A Typical Day at Willow Den

INSPIRING SCOTLAND. Willow Den, Spartans, Ainslie Park, Edinburgh, Aug 21. © Malcolm Cochrane Photography +44 (0)7971 835 065 mail@malcolmcochrane.co.uk No syndication No reproduction without permission

Arrival at Willow Den 

Willow Den practitioners are on-site and ready to greet children and their families arriving.  

A dedicated practitioner will ensure adults get to check-in for the day, sharing vital information about the changing needs of their children and maintaining the tone of a well-organised, child-centred Willow Den day.  

In an open space near, the children with the rest of the practitioner team are taking plenty of time registering themselves, sharing their stories, getting outdoor gear on and playing.  This open space is at child height, adults are down on the ground helping with tricky zips, ensuring there is room for children to mill about easily, encouraging and modelling skills of conversation and independence.  There are enough practitioners here for children to be encouraged, engaged with and heard.

At the site entrance, the children’s area is set up with play inspirations, a register slot board, space for getting outdoor gear on and a spot that everyone knows will become a welcome circle when it’s time to head off for the morning.  Children access this space freely.  They know there is a time when everyone will come together and sit in a circle and they know that it will be when everyone is ready.  

The separation of adult from child here is a deliberate one.  It provides the space children need to transition into their Willow Den day knowing that their adult hasn’t quite left yet.  Children can see that their adult is part of how Willow Den works and it provides the space adults need to talk with a dedicated practitioner so that their thoughts and ideas help shape our Willow Den days.

Some things will stay the same every day and everyone will know what these are. These routines are vital learning opportunities and community shaping.  One of these will be gathering together at a welcome circle, a process led by an adult but with the consultation and agreement of all.

Planning for our Willow Den day will happen when we sit in our welcome circle.  It will take the form of choosing where we are going to play.  As simple as a vote for a spot on a map or a reminder that we’d planned to go to a spot for something special (maybe a date with the park ranger or a litter pick by the cycle path).  Then we’re off into our Willow Den morning.  

INSPIRING SCOTLAND. Willow Den, Spartans, Ainslie Park, Edinburgh, Sept 21. © Malcolm Cochrane Photography +44 (0)7971 835 065 mail@malcolmcochrane.co.uk No syndication No reproduction without permission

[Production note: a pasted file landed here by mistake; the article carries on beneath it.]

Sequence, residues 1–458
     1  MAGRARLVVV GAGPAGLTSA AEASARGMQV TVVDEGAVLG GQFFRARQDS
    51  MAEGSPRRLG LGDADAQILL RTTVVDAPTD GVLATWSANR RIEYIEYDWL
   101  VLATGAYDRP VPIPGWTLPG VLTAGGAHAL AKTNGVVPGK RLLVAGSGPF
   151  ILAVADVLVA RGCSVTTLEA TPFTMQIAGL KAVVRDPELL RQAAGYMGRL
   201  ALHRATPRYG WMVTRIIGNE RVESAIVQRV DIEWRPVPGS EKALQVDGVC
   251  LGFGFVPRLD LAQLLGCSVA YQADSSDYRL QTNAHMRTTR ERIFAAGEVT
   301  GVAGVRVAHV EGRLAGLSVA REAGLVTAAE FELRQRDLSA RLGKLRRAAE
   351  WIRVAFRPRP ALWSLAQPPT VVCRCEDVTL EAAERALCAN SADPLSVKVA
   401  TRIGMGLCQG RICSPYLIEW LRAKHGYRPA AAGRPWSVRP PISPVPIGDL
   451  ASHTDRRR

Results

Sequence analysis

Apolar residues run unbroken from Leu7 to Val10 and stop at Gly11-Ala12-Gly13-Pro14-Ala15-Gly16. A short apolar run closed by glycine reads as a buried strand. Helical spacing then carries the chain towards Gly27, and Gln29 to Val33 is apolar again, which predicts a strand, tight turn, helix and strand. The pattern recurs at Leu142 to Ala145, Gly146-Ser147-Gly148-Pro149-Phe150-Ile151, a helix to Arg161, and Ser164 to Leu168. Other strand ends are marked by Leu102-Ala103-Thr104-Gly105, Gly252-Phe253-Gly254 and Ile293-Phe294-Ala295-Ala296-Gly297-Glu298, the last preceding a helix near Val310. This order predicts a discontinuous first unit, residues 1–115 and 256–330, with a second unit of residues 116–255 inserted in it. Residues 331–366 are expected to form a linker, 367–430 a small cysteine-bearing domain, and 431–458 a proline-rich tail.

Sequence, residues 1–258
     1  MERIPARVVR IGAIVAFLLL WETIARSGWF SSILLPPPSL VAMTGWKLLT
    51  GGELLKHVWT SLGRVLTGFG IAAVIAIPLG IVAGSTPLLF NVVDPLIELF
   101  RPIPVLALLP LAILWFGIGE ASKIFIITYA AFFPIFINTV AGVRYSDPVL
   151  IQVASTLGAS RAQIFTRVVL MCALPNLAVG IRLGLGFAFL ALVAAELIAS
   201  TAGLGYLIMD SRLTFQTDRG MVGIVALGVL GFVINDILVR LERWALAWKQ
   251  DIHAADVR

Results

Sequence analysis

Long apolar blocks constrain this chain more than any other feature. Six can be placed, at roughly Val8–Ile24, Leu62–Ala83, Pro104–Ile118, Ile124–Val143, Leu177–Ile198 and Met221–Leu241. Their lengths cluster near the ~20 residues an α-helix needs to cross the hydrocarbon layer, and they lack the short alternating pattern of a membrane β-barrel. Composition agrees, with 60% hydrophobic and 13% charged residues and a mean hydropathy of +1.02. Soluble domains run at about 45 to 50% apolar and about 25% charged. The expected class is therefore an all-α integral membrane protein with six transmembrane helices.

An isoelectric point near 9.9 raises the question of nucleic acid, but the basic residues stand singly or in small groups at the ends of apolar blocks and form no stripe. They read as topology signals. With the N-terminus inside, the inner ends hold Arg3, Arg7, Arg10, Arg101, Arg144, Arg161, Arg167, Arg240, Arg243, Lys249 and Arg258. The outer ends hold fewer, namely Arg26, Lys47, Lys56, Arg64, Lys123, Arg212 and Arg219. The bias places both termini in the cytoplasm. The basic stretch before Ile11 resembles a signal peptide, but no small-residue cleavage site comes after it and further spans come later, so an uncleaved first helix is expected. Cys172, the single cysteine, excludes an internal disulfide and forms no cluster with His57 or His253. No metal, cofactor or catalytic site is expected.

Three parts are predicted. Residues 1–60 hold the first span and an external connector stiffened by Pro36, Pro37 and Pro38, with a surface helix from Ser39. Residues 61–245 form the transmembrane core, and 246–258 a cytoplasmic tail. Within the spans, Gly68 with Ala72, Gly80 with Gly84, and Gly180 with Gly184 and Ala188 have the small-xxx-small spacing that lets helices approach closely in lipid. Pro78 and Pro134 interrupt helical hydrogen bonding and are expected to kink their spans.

Morning 

Children can help practitioners move things around and open things up that are needed for play, but they don’t have to, they might already be deeply engrossed.  

There is coordination so that children play freely with observing and reflexive practitioners that know where they are at, where they have been and where they could go.  With the outdoor STEAM learning model in mind, children can engage in play that inspires curiosity and creativity.  Adult initiated activities may happen in tandem with children’s own play to support curiosity and will be planned to allow for this flexibility.  Initiated activities will be led by seasonal and place-based affordances with an eye to developing the community ethos of Willow Den. 

The essentials that need to happen across the day will be conducted with diligence and care.  Practitioners will know their roles and continuity of care for children will be paramount.

Children’s learning will unfold from their play.  Practitioners will provide the input to maintain flow in our play and when appropriate draw out learning, remind children of intentions from before or help children find new play inspirations.  Learning will be recorded by practitioners in storyboards/journals or floorbooks by looking at the actions, emotions, and words of children. Children look at these stories, talk about them with their family at home and add to them throughout.  

Children can take pictures and make recordings for their learning story using our Willow Den iPad.  The adults help children to use this, and children know where it lives and where to put it back to.

INSPIRING SCOTLAND. Willow Den, Spartans, Ainslie Park, Edinburgh, Aug 21. © Malcolm Cochrane Photography +44 (0)7971 835 065 mail@malcolmcochrane.co.uk No syndication No reproduction without permission

11.30am-12.30pm – Lunch

Sharing in lunch is a special thing that stays the same. The richness of learning here is drawn out by practitioners through the conversation and care that happens at these times. We use this time to develop social skills and to enjoy healthy, nutritional food. 

INSPIRING SCOTLAND. Willow Den, Spartans, Ainslie Park, Edinburgh, Aug 21. © Malcolm Cochrane Photography +44 (0)7971 835 065 mail@malcolmcochrane.co.uk No syndication No reproduction without permission

Afternoon

After lunch, it might be time to do some exploring and go on an adventure! This will usually involve a walk or a ride in the minibus to Wardie Bay or to a nearby greenspace. Den building, climbing, learning and connecting with nature will all be explored in this part of the day. 

The Balance of Rest and Play

Children use lots of energy outdoors and so we provide opportunities to relax and recharge. Children can choose informal rest time perhaps swinging on a hammock with a book; or getting cosy under their own blanket in one of our heated shelters.

Home time 

Children will then make their way back to the main site area. There will be time to reflect on the day and what we all shared. Time to take names out of register slots and pop them back into the basket.  Time to take off outdoor gear.  Time for family to talk to practitioners and time to make plans for more Willow Den days.